Intended to inform a general audience on why birth defect happen, they take on the role of epidemiologists. They will read background information, conduct internet research, and compile the information. A mock investigation and diagnoses concludes the lesson. This lesson is about birth defects and is not intended for use with a special ed class.
Students explore the importance of sun safety in relationship to skin cancer prevention. They test the effectiveness of various sunscreens and administer and analyze a simple survey to their peers. In addition, they implement a public service campaign designed to increase student use of sunscreen and sun safety awareness.
Young scholars describe how ringworm and roundworm cause diseases in both humans and animals. In this life science lesson, students research how these diseases can be transmitted. They create an information brochure to promote public awareness about this health hazard.
Students research about the physiological effects of prolonged lead exposure. In this chemistry lesson plan, students investigate the lead content of different paint, soil and water samples. They analyze data trends and share their findings in class.
Youngsters investigate autism and autism spectrum disorders. They access a variety of websites which present information on ASD's, and assess how accurate the information they've read actually is. They work in groups and utilize worksheets embedded in the plan which guide them through a fact-checking process for each of the sites they look at. Finally, each group creates a display that has many of the most important facts about autism and ASD's. An excellent plan!
Students discuss the pros and cons of having household pets. For this health lesson, students identify different types of diseases they can get from pets. They evaluate their pet interactions and suggest ways to modify health habits after contact with pets.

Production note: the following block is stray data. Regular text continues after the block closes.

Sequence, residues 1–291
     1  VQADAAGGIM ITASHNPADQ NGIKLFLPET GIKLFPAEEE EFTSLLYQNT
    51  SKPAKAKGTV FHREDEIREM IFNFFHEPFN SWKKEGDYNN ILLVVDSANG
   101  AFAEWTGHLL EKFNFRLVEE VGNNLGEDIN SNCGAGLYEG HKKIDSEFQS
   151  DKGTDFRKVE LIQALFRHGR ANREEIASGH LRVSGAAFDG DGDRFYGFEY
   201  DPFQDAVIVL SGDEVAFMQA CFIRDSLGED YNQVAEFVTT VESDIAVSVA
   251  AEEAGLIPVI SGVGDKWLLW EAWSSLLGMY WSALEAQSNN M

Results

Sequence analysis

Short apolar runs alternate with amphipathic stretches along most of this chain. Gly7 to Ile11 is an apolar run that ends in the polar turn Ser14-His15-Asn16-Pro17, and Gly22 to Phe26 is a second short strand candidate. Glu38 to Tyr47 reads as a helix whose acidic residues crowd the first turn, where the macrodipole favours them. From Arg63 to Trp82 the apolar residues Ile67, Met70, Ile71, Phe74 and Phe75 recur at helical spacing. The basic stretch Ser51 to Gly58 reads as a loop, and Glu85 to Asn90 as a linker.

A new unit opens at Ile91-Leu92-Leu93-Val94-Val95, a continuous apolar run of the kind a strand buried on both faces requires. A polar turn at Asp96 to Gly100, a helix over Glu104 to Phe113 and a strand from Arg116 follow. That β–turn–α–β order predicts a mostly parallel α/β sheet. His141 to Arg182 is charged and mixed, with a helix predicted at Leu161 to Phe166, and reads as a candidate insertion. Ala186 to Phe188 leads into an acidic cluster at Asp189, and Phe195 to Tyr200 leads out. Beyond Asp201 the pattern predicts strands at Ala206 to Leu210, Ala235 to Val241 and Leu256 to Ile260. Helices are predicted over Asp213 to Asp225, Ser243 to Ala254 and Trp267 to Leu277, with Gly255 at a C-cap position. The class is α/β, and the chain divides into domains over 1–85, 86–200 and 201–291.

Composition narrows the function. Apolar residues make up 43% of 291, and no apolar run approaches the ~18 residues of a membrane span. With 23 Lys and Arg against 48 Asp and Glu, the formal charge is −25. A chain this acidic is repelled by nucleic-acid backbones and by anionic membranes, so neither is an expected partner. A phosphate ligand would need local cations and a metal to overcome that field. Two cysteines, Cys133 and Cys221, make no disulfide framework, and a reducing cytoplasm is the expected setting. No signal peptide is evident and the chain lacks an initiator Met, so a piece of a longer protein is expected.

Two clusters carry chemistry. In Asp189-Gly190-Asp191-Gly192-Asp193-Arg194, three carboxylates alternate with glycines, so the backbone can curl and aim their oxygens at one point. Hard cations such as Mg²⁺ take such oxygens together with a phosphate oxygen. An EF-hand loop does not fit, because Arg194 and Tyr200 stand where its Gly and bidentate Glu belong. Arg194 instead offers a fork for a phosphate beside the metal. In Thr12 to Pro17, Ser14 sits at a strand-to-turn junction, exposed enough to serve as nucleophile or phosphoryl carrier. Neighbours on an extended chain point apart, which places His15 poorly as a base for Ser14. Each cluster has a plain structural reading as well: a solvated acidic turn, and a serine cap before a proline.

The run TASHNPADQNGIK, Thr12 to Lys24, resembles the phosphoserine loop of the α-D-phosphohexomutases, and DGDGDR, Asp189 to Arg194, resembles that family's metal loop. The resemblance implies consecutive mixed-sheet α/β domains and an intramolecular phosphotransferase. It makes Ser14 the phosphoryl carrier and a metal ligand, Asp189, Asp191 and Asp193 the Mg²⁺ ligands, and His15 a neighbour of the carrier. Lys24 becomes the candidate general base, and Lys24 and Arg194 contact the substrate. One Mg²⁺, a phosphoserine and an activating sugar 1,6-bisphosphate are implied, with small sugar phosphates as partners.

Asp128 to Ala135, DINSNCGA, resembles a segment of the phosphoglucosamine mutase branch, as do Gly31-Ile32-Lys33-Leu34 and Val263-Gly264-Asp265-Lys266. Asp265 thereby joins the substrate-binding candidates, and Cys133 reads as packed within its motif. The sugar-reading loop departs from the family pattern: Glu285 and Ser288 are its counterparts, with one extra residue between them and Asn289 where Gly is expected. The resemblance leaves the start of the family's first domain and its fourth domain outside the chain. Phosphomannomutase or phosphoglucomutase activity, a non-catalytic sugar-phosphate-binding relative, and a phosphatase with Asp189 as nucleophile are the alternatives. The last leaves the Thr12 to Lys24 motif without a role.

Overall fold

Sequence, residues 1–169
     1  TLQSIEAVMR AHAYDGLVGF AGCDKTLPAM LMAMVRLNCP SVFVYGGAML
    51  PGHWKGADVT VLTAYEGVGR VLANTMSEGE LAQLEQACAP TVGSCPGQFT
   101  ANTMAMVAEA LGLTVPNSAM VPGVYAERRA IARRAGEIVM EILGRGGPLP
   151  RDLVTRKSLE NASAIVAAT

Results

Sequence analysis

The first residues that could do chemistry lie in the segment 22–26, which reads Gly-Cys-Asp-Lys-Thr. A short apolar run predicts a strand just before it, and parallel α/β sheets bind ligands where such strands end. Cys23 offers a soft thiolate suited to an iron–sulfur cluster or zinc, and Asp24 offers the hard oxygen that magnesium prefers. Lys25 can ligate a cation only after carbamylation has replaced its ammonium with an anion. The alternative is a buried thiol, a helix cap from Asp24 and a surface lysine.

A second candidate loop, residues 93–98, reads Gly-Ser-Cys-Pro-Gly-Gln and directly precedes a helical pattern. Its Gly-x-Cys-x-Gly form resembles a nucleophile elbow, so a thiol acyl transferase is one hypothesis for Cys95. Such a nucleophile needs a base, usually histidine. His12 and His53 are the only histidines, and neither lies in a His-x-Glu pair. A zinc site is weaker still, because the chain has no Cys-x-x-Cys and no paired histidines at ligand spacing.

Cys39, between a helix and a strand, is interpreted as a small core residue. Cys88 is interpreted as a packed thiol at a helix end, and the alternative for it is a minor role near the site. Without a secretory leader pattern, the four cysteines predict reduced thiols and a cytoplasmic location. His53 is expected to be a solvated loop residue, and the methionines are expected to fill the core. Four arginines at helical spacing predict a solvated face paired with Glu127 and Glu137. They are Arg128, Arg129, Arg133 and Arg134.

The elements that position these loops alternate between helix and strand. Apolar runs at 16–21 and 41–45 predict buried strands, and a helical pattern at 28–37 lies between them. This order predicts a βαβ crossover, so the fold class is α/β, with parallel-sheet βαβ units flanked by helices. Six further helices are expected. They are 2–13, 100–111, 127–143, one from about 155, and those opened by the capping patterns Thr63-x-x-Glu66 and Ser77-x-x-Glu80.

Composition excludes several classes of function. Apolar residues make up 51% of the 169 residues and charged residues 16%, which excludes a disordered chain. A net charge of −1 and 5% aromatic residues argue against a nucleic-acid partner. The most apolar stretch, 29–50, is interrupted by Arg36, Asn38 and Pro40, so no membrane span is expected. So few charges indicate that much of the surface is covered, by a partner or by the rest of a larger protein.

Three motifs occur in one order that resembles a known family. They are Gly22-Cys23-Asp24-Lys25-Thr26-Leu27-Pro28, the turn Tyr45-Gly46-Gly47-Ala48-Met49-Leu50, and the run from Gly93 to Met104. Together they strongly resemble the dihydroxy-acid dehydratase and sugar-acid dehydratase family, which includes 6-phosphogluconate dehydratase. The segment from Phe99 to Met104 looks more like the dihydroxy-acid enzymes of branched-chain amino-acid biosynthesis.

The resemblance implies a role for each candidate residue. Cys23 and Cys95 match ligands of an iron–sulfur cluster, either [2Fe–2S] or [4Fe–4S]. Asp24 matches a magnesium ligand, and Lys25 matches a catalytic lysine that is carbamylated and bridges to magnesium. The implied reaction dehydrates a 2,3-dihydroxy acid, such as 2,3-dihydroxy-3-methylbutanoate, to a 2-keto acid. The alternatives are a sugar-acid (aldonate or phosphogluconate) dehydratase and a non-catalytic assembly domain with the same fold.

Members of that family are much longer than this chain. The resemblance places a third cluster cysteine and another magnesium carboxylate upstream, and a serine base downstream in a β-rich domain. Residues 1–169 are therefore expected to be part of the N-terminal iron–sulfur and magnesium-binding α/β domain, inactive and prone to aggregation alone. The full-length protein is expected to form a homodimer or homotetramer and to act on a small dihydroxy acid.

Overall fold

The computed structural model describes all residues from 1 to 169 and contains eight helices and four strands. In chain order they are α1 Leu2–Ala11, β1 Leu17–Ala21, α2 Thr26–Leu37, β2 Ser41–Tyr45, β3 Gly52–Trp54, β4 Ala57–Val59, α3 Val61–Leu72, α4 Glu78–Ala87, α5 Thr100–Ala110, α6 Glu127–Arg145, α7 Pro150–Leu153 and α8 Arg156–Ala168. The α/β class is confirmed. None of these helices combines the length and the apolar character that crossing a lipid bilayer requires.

Students examine the West Nile virus and how it is impacting an American Indian reservation, In this virus lesson students devise a prevention plan for an Indian reservation to help limit the transfer of the West Nile virus.
Students investigate the real world applications of nutrition. They study the problem of starvation and how it affects different populations. Students work in small groups in order to devise and intervention plan. They also search out the right type of diet for a personal nutrition plan.
High schoolers explore common misconceptions about rabies. In this health science activity, students discuss how this disease can be treated and prevented. They research and create an information pamphlet about rabies.
High schoolers investigate the disease of diabetes. They observe research results to graph the trends of diabetes to contribute to the problem of being overweight. They explain in class discussion the physiological changes that occur in the body of a person who has diabetes.
Students choose a question from a given list and develop an investigation about it. In this biology lesson, students analyze bacterial growth by carrying out a guided experiment. They present their findings in class.
Students examine a case study of a woman with a family history of type 2 diabetes and create a "family health portrait" that assesses her risk of developing diabetes. They use the family health portrait to record the woman's family history, students identify her genetic, behavioral, and environmental risk factors for type 2 diabetes and make recommendations for lifestyle changes.